The seeds of legumes, which represent an important component of human nutrition in different parts of the world and are a source of food energy, are used as human and animal food to provide calories and protein. In recent years, legumes have been considered as an interesting and balanced food source. In this sense, although soybeans have received the most attention worldwide, peas, dry beans, broad beans, black-eyed peas, vetch, and lentils are also grown and consumed all over the world [1]. Cowpea (Vigna unguiculata L. Walp), one of the important cultivated legumes, provides various agricultural, environmental, and economic advantages by contributing to further improving the diets and incomes of low-income farmers in Africa, Asia, and South America. Botanically classified as belonging to the Dicotyledonae, Fabaceae family, Faboideae subfamily, and the genus Vigna cowpea seeds provide important vitamins and phytonutrients, including protein, minerals, carbohydrates, and trace elements as well as antioxidants. In addition, it is a cheap, high-quality protein source [2] in the diet of millions of people in developing countries who cannot afford expensive animal protein for a balanced diet, and its green peels and leaves are used as green vegetables, and the dry parts are used as animal feed [3]. In addition to these nutritional uses, cowpea seeds are used in the treatment of persistent boils [4], common cold [5], treatment of swelling and infection, treatment of insect bites, epilepsy, chest pain, constipation, dysmenorrhea [6], diuretic, to strengthen the stomach, to eliminate worms in the stomach [7], to treat amenorrhea [8], to treat urinary cystomyiasis (bilharzia) [9], to treat blood in the urine, and bilharzia [10]. Although cowpea seed is not defined as an oil-containing seed, it can also be used to obtain edible oil. It is reported that the oil content of cowpea grown in different parts of the world is relatively low on average (2.48–3.03%) [2,11]. The chemical composition (amino acid and fatty acid profile, and mineral content) and nutritional value of cowpea seeds, which have almost the same nutritional value as bean seeds, have been the focus of many scientific studies [2,12,13]. However, little is known about the oil content and composition of cowpea seeds. It has been reported that the unsaturated fatty acids in the oil are 60.0–70.7%, the linoleic acid (LA) ratio is 35.4–41.0%, the linolenic acid (LNA) ratio is 10.0–23.2%, and the oleic acid (OA) ratio is 9.5–16.2% [1214]. Although the ratio of unsaturated fatty acids to saturated fatty acids varies between 1.80 and 2.21 [14], it has been reported that the palmitic acid (PALA) ratio, which is dominant among saturated fatty acids in cowpea seed oil, is 24.4–31.6% and the stearic acid (SA) ratio is 14.0% [2]. In the study conducted by Ukhun [15], the ratios of acids in the composition of the oil extracted from cowpea seeds were palmitic 35.2%, linoleic 27.8%, linolenic 13.6%, oleic 13.2%, stearic 7.4%, and arachidic 2.78%.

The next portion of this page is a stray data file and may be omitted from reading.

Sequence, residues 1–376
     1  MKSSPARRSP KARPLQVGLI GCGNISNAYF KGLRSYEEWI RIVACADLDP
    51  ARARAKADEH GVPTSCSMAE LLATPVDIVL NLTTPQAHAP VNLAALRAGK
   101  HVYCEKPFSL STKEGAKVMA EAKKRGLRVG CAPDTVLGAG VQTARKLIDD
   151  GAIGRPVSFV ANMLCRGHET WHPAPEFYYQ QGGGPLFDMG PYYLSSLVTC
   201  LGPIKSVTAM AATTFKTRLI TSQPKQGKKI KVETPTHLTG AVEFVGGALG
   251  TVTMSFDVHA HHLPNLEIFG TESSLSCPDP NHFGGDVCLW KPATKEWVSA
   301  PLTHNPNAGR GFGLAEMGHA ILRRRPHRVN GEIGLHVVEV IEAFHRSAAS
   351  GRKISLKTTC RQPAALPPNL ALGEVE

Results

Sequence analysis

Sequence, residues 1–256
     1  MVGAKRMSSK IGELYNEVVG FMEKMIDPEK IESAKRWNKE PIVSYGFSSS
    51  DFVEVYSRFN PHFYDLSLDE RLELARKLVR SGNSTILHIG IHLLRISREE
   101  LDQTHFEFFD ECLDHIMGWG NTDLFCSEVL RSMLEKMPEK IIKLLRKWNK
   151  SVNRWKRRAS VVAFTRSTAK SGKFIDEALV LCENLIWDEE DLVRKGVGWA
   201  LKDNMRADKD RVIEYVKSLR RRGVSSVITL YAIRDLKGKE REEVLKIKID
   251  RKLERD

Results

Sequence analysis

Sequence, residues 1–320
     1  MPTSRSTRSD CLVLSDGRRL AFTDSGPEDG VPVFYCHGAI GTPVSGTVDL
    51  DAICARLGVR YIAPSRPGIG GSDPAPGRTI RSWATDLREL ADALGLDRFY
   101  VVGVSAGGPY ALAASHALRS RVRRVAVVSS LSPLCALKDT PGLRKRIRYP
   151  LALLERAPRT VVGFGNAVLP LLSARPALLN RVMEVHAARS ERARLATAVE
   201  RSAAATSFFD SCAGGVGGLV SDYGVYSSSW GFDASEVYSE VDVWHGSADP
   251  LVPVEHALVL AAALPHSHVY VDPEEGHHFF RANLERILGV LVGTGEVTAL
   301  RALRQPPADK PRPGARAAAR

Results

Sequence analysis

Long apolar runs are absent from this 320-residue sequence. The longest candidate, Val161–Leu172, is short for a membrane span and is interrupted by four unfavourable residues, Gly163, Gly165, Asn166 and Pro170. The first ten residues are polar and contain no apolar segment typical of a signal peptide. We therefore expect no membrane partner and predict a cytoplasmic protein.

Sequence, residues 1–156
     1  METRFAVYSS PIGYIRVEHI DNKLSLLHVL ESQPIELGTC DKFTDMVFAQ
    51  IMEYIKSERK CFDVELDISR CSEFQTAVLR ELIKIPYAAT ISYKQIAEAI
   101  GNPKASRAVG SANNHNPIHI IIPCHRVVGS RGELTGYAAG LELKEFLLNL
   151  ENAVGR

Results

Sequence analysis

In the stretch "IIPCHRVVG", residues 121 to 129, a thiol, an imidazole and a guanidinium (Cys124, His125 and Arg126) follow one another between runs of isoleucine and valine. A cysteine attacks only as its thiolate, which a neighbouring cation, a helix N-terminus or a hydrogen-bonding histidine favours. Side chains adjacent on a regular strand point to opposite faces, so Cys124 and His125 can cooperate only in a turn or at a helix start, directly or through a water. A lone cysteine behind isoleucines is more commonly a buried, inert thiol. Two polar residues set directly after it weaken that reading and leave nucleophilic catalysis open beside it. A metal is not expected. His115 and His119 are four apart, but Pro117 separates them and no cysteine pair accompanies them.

The importance of cowpea seeds in nutrition contains oil, protein, etc., and depends on the availability of quality characteristics. The most important parameters that determine the presence and amount of these quality characteristics are macro and micronutrients. It is known that plant nutrients have important effects on the yield and quality elements of plants at every stage of plant development. One of the most important factors affecting the yield of plants in the regions where they are grown is the beneficial macro and micronutrients in the soil. In cases where these elements are insufficient, the nutrients needed by the plants are met by external fertilization, and plant production is made sustainable [16]. Due to its high nutrient content and ease of availability, mineral fertilizers play an important role in rapidly increasing soil fertility and crop productivity, but this type of fertilization is not the most effective or sufficient, considering the preservation of soil fertility and the preservation of nutrient-rich crops in terms of sustainable agriculture [1719]. Therefore, this situation increases the demand for the use of alternative organic fertilizers. However, one of the most important factors here is the selection of the right fertilizer form and dose. With these determinations, it is known that organic materials are of great importance in terms of soil fertility and sustainable agriculture. Success in sustainable agriculture largely depends on the availability of cost-effective and high-quality organic fertilizers. These fertilizers not only increase the yield and quality characteristics by providing plant nutrition but also protect soil resources and increase their values [2023].